Wednesday, June 29, 2011

Twelve Years Later: What Do I Miss?

John N. Gardner
President
In a few days it will be June 30, the anniversary of my “retirement” date from full-time active service from the University of South Carolina. Each year I use this as a marker to reflect on what life is like away from a daily existence on a University campus, what I have learned, what (and who) I miss, what I have gained.
Admittedly, my “retirement” was “early” and after thirty-two and a half years. And it has not led to retirement at all. I still have an appointment with duties at the University as “Senior Fellow” (translate: elder statesman). And I have a full-time appointment as a CEO of a non-profit higher education organization that does planning with colleges and universities.
My annual reminiscences (not ruminations, not regrets) usually go like this:
I am glad I left at the top of my game and before I was at the point when people wanted me to go
I am glad I agreed to a retirement party extravaganza which we turned into a celebration of all that my work had stood for in the First-Year Experience. It was a wonderful ritual for closure.
I am glad I held a personal, one-on-one closed door conversation with every person who reported to me so I could share what they had meant to me
I am thankful that the leaders I worked for and with wanted me to have some continuing involvement and hence my appointment as Senior Fellow
I am proud of the job that has been done by my successors in making our first-year campus programs and our national and international work stronger than ever
I am grateful to my University for being more invested in our work than ever
I am thankful I spent my entire campus-based career in one place and never even flirted for a second about cheating on USC and forsaking her for another
I am thankful for all the outstanding leaders I worked for, all of whom I learned from and grew as a result of.
But my most recurrent thoughts are about what I miss the most:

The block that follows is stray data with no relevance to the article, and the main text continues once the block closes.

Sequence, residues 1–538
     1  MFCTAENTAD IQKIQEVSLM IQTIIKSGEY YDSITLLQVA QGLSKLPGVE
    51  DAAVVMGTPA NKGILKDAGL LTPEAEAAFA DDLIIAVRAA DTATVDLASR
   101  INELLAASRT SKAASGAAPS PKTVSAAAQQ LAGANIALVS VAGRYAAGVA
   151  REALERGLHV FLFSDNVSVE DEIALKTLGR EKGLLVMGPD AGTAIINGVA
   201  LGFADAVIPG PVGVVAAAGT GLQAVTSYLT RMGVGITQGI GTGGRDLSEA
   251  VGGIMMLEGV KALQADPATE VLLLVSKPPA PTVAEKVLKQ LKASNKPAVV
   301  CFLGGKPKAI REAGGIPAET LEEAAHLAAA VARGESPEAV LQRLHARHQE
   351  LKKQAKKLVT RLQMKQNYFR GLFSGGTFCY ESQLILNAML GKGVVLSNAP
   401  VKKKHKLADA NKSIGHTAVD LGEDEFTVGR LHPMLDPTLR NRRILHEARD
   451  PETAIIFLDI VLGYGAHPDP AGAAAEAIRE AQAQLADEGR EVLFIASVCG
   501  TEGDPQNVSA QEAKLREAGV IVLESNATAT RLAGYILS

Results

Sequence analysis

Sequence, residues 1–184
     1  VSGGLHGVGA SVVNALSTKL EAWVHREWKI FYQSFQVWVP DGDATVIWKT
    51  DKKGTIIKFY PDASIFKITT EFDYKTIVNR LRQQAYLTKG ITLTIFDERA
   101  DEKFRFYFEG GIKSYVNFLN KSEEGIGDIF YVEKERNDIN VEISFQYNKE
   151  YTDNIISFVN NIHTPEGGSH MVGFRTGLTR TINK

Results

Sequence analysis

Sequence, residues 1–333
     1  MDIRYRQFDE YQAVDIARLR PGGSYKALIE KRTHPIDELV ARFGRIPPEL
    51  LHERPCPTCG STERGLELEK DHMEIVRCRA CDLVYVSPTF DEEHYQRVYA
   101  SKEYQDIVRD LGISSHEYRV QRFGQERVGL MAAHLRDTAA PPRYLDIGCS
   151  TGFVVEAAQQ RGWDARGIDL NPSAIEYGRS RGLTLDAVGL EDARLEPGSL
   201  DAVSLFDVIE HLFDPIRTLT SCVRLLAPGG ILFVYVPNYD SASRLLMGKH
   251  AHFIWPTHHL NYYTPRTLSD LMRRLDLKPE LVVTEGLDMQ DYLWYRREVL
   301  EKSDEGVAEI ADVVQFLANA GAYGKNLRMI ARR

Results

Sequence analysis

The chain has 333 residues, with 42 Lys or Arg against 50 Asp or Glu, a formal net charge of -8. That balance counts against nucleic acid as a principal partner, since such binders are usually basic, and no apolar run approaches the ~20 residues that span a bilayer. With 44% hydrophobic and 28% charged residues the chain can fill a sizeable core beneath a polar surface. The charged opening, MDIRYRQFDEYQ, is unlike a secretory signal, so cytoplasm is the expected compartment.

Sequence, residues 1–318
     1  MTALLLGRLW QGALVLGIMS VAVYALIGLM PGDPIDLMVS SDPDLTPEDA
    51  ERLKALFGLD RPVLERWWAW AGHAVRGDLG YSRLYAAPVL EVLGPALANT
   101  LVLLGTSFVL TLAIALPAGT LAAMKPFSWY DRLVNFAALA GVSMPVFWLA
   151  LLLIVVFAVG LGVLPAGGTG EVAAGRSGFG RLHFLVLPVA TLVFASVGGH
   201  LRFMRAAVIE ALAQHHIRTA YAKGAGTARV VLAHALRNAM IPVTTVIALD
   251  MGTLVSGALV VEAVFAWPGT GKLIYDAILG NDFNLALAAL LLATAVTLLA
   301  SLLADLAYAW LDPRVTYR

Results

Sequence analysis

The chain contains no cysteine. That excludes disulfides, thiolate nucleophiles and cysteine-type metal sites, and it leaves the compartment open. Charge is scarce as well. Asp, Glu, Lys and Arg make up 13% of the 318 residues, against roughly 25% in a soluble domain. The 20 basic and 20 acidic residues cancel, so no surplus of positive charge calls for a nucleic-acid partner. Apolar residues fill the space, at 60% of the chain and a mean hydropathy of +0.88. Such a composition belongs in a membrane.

I miss the students
I miss the faculty
I miss the staff
I miss the collegiality, the camaraderie, the partnerships
I miss the sanity, the good will, the servant leader ethos,  the oasis of liberalism in a true wasteland of reactionary politics at the state level
I miss the gracious, generous, appreciative people of South Carolina who have always deserved better leaders than they have received
I miss the sense of contributing each day to an institution that has been here before me and will long outlive me
I miss the opportunity each day to contribute to the ongoing contribution of a great public university towards achieving social justice for all the citizens of the state
I miss more specifically about the students:  their energy; their intellectual curiosity; their risk taking; their open mindedness; their courage; their great work ethic; their civility and politeness; their deference to their elders; their passion for serving fellow students; their youth; their liminal state between adolescence and adulthood; their radiant sexuality; their searching for meaning and desire to make a difference; their beauty; their wholesomeness; their ability to learn so rapidly and so well.
Truly, the students are what I miss the most. My wife would tell you if you, she and I were together, that I miss them so much that when I encounter them as servers in restaurants, I immediately interview them like a first meeting between academic advisor and student advisee.

I have heard it said that being a full professor at a research university is the best job in America. Who would ever want to leave it? I understand that question and some of the answers. What a great life.

What do you love about your life in higher education? What will you miss when you retire? How can you make the most of it before then? It’s all up to you.

Monday, June 27, 2011

We Have Failed This Generation